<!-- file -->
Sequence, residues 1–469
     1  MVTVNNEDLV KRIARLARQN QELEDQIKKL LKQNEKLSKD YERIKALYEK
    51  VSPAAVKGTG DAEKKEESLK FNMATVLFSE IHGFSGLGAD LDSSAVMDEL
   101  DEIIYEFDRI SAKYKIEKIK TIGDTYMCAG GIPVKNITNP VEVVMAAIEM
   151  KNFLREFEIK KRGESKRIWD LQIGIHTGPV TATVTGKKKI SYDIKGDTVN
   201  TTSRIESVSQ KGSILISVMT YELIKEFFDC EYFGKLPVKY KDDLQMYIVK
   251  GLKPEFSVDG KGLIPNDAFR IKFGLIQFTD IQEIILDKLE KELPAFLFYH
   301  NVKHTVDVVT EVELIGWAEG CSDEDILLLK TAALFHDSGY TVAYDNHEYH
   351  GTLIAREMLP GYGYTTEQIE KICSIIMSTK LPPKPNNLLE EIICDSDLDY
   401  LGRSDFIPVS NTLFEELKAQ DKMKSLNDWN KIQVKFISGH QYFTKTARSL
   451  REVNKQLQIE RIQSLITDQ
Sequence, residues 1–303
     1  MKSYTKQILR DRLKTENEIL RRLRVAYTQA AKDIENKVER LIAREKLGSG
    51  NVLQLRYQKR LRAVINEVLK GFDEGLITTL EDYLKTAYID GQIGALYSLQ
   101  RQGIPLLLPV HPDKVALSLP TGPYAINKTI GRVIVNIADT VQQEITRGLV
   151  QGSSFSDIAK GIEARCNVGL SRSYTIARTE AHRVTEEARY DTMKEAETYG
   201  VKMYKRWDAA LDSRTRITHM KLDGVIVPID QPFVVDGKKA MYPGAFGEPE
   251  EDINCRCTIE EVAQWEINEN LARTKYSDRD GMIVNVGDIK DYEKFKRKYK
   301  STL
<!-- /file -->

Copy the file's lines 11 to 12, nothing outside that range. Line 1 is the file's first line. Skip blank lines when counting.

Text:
   451  REVNKQLQIE RIQSLITDQ
Sequence, residues 1–303